On her website, Charlotte describes her homes as perfect hideouts for writers seeking peace and inspiration – and she should know. As well as being the woman behind the Soho Literary Festival, and the co-founder of an international festival of chutney in Scotland, she has three successful novels to her name – A Bear with an Egg in Her Paws, God Breathes His Dreams Through Nathaniel Cadwallader and With the Sound of the Sea. She also has a fourth book ready to go ‘just as soon as I find the time to hawk it around’.
Her writing is as imaginative and playful as her interior tastes and Charlotte is in no doubt that she inherited her creative side from her father – the headline-hogging, high-heel wearing Sir Nicholas Fairbairn – a prominent Tory MP from the 70s through to the 90s and a one time Solicitor General for Scotland.
Her love of clothes is undoubtedly passed down from the same parent too, her father having frequently donned self-designed kilts, scarves and flares for parliament.
At Kelleth Old Hall Charlotte has transformed a room off her own bedroom into a boudoir filled with interesting clothes, accessories and trinkets, while the main bathroom has become a showcase for a collection of unusual vintage coats.
During 2014, Charlotte will be sharing her eclectic taste with a wider audience, having been asked to lend her creative talents to a team of designers overhauling the flagship stores of Swiss fashion brand Tally Weijl.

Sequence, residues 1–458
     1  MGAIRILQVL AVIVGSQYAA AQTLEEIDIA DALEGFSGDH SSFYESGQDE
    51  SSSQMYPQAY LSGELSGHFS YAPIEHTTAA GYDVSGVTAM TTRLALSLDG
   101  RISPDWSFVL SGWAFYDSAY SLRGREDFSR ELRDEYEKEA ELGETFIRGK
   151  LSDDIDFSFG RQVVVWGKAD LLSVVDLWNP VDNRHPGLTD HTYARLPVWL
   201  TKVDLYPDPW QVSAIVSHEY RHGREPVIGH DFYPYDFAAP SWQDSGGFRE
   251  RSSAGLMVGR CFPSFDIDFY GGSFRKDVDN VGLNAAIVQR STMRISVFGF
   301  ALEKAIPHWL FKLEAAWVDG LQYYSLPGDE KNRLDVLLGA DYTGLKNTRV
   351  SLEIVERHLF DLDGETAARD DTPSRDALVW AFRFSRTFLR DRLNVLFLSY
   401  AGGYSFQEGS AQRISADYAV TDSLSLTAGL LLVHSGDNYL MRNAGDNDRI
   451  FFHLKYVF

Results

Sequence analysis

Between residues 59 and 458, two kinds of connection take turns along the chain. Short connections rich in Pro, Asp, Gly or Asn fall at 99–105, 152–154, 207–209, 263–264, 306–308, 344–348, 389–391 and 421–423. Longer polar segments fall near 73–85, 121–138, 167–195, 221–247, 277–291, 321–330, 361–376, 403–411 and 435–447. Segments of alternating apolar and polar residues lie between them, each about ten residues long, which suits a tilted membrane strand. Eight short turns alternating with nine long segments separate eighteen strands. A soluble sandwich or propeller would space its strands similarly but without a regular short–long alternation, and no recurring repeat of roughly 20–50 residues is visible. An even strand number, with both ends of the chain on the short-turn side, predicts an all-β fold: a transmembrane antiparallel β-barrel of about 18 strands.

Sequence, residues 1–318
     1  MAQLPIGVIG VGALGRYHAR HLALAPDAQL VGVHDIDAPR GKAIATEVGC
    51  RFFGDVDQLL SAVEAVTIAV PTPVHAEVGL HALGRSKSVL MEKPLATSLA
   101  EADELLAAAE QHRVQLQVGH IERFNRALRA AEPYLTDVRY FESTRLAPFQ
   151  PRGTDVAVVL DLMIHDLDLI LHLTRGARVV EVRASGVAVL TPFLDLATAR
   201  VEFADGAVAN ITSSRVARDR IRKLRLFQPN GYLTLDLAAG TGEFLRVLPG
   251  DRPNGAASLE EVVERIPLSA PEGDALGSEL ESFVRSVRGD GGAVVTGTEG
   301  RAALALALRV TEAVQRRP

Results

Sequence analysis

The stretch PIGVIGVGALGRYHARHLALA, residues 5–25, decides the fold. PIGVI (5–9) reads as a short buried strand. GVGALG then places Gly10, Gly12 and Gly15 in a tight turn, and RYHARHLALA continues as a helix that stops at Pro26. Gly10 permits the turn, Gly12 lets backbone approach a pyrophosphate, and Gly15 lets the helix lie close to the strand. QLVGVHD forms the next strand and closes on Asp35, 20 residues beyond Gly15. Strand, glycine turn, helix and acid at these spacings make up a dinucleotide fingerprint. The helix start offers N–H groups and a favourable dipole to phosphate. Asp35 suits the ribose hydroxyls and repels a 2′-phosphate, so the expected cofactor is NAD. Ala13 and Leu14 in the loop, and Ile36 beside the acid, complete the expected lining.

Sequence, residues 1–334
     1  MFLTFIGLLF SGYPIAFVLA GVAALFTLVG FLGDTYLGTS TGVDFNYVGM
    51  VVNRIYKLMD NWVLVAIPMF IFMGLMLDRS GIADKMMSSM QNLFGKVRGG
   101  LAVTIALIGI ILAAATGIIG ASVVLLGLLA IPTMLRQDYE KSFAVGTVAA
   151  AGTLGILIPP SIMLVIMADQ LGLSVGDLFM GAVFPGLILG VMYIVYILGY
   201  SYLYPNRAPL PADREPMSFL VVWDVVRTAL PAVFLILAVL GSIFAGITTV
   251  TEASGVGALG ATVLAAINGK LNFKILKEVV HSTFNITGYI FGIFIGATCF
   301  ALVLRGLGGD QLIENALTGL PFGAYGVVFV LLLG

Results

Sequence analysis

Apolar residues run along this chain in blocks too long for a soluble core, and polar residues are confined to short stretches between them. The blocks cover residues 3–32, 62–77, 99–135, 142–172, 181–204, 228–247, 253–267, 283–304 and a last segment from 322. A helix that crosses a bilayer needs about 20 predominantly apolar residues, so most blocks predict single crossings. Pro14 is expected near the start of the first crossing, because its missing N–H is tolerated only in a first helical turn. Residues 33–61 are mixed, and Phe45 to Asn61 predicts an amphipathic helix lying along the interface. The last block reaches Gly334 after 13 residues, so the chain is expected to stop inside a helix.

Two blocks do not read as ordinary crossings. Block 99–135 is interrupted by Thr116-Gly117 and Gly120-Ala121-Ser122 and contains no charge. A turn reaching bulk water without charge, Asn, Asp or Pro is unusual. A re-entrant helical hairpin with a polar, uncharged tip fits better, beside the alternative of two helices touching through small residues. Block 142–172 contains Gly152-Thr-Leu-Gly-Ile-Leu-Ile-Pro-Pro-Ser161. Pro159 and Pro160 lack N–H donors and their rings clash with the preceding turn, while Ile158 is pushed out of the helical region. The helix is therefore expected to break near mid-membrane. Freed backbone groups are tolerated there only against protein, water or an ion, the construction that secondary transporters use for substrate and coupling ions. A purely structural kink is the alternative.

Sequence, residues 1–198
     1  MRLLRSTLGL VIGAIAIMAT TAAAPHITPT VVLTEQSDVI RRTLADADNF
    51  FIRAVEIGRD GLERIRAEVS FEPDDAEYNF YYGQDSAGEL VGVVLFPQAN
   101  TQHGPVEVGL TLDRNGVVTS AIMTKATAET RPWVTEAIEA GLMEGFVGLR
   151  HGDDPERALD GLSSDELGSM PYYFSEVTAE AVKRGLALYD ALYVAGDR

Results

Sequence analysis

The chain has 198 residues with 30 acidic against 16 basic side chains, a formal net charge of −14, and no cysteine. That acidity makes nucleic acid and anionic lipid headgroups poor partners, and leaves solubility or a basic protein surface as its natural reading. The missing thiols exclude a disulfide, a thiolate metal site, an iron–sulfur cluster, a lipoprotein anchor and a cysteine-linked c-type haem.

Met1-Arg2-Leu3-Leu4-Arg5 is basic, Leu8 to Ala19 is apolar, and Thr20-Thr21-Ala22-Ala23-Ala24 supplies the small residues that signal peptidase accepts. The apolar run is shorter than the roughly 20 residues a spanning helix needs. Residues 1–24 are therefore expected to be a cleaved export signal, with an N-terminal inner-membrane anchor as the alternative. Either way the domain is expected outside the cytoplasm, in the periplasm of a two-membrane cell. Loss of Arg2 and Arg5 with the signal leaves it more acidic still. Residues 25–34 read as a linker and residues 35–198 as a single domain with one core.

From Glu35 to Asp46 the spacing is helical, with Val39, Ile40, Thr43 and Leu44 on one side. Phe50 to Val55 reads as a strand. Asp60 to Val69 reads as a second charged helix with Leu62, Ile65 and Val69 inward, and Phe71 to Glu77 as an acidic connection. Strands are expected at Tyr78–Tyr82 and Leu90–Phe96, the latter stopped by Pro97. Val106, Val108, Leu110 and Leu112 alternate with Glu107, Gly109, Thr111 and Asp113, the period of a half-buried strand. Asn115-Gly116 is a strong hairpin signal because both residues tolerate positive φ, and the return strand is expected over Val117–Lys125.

‘We’ve come up with a whole new look for the stores and it’s a fantastic project that I’m thrilled to be a part of,’ she says.
‘I love visiting antique fairs and reclamation yards and searching out unusual pieces that most people wouldn’t look twice at. Now I’m being paid to do it and that’s a joy.’
Charlotte’s father was a colourful character
Sir Nicholas Fairburn was a politician who was as famous for his eccentricities as for anything he said in the House of Commons or his Scottish constituencies. An accomplished artist, he was called to the Bar in Scotland in 1957 and won the Kinross and West Perthshire seat for the Conservatives at the 1974 General Election. In spite of the Tory party’s decline north of the border he held his seat until his death in office in 1995.
He was noted for his flamboyant clothes – many of them he designed himself – and was often seen in tartan kilts, flares and cravats. He was a colourful character who admitted to multiple infidelities and once referred to greyness as a creeping disease in politics and added that to call John Major grey would be an insult to porridge.
He bought and restored Fordell Castle in Fife which had been in his family many generations earlier and that’s where Charlotte and her siblings were raised.
Get the look
Try visiting charity shops and using clothes as décor. ‘As pretentious as it sounds, I love to mix textures and some clothes are too beautiful to have hidden away,’ says Charlotte, who displays a vintage Afghan coat decorated with a sparkling Kenneth Lane brooch, in her bathroom.
One man’s rubbish is another man’s treasure. Charlotte recommends scouring second hand shops and imagining the pieces in your home. ‘Some of my pottery I’ve picked up very cheap because it’s hideous - but it makes me laugh and for that reason I love it.’
Yew Tree Barn at Newton, near Grange over Sands, is an architectural reclamation yard that specialises in interior furniture – and is one of Charlotte’s regular haunts.